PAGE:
(5 November 2010) Nearly six million people in Latin America and the Caribbean have migrated within the region and approximately 25 million have migrated to the United States or Europe. One of every five migrants is estimated to be a child or adolescent who may be exposed to abuses, according to data from the Newsletter Challenges Nº 11, published today by ECLAC and UNICEF.
Although their migration to other countries may bring some benefits, many children may also be exposed to risks like abuse, exploitation and violation of their rights, warn experts of the United Nations Children's Fund (UNICEF) in the article Children and international migration in Latin America and the Caribbean.
Rut Feuk, Nadine Perrault and Enrique Delamónica state that millions of minors are suffering severe constraints to their human rights due to the migration status of their parents.
The authors explain that migration affects children in different ways throughout their life cycle, by migrating with their parents or alone or being left behind by one or both of their migrating parents. However, the impact of this migration on children should be examined in the broader context of the poverty and inequality between and within countries.
The study notes that restrictive migration policies, xenophobia, discrimination and human trafficking are some of the main perils migrants face, especially if they are illegal migrants.
On the positive side, the research indicates that children who migrate with their parents or those who receive financial assistance through remittances may have better opportunities of development in terms of education, health and psycho-social adaptation. Remittances can also help reduce child labour.
The study asserts that the main challenges pending for the governments in the region on this issue are: enacting migration policies that protect children's rights, especially of those migrating under irregular conditions, and ensure the economic, social and cultural rights of children; access to the right to an identity at the time of birth; and avoiding the detention of migrant children and adolescents due to their illegal entry to a country.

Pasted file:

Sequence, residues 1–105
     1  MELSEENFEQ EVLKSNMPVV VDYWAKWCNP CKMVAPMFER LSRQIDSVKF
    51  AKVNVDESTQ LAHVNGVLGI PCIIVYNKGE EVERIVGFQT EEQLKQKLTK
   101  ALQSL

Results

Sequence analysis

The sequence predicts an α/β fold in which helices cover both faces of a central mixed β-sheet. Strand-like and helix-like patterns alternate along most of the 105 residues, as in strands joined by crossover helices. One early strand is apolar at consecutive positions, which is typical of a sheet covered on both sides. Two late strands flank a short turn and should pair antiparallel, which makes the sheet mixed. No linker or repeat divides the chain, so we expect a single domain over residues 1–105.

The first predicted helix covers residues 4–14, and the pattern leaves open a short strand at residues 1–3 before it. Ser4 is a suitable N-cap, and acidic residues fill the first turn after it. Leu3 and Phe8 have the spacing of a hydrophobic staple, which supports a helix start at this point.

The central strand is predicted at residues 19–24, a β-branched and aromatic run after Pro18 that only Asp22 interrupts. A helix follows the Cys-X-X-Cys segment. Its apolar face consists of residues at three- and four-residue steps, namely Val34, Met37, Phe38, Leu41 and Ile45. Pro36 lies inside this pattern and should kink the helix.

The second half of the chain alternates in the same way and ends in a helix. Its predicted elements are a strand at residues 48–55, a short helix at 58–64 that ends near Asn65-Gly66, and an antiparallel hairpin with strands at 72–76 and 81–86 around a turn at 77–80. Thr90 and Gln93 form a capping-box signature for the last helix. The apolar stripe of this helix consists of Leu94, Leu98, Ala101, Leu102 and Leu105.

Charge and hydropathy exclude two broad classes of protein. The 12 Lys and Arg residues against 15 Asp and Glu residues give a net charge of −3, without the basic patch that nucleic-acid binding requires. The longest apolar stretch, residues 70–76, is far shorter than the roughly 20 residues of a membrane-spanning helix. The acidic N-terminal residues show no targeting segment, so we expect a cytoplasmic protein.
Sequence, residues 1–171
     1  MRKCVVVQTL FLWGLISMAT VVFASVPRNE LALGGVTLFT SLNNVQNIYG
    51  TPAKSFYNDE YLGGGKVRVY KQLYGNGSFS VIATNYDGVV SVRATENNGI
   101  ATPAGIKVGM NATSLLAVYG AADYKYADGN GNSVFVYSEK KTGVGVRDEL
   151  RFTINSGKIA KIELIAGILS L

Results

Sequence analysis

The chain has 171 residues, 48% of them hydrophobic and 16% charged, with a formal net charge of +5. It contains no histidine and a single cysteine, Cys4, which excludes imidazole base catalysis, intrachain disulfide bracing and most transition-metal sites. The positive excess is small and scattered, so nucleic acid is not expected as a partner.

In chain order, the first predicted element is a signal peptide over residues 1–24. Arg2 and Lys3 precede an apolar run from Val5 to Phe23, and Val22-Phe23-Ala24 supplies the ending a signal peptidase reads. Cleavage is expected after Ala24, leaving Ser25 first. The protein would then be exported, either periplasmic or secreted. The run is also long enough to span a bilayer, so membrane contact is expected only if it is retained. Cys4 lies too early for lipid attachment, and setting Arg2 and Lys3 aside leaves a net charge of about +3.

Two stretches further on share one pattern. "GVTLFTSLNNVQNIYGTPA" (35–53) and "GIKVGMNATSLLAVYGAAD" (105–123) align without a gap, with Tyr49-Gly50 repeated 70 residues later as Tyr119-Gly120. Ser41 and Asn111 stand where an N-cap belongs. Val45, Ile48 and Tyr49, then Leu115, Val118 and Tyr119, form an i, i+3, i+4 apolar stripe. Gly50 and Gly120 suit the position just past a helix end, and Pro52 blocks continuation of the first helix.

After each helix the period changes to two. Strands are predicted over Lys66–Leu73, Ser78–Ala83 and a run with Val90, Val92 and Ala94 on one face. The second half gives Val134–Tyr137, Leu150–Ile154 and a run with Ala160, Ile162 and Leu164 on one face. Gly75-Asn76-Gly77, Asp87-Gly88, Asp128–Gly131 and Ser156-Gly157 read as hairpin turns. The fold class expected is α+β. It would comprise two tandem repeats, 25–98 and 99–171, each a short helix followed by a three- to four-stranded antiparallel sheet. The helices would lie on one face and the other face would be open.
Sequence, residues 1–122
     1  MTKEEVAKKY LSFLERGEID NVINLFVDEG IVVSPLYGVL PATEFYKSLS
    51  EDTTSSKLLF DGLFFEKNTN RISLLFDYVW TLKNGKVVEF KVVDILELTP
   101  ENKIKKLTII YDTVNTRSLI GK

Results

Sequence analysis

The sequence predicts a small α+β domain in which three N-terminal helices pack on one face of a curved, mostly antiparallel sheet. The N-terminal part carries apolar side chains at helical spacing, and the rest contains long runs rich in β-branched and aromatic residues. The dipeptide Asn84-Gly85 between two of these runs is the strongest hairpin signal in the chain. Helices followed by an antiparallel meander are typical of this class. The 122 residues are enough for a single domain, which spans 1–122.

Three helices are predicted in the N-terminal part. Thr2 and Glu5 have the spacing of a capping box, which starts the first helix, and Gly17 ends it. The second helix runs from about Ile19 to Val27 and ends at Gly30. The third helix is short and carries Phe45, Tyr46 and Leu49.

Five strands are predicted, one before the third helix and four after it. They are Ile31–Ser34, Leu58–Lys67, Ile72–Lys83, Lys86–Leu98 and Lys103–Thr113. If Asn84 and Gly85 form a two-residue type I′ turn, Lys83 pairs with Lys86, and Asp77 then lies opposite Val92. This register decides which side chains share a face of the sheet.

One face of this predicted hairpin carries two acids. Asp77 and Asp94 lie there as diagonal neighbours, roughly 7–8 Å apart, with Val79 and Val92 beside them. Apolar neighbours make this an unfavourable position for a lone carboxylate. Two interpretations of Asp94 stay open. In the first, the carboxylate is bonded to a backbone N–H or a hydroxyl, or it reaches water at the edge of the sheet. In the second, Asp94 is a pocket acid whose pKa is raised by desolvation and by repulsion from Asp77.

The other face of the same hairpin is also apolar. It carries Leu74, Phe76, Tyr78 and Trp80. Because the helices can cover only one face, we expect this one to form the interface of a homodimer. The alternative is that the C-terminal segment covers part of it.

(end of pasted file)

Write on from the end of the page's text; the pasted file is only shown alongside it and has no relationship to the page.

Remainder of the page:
Lastly, the authors suggest recommendations to protect the rights of migrant children and adolescents and foment the positive effects of migration. They include avoiding taxes on remittances and implementing measures to facilitate transactions; exploring alternatives of international cooperation to enforce the economic obligations of separated or divorced parents with their children, even if they live in different countries; and amend national legislation to include measures and policies to protect the social, economic and cultural rights of migrant children, among others.
The Newsletter Challenges is a joint publication of ECLAC and UNICEF that monitors progress on the compliance of the Millennium Development Goals regarding children and adolescents.
The Newsletter Challenges Nº 11 is available in English on ECLAC's webpage.
The Spanish-language version will be published shortly.
For inquiries, please contact Tamar Hahn at UNICEF's Regional Office for Latin America and the Caribbean. Email: firstname.lastname@example.org, telephone: 507 66763216; or ECLAC's Public Information and Web Services Section. Email: dpisantiago cepal.org; telephone: (56-2) 210-2040.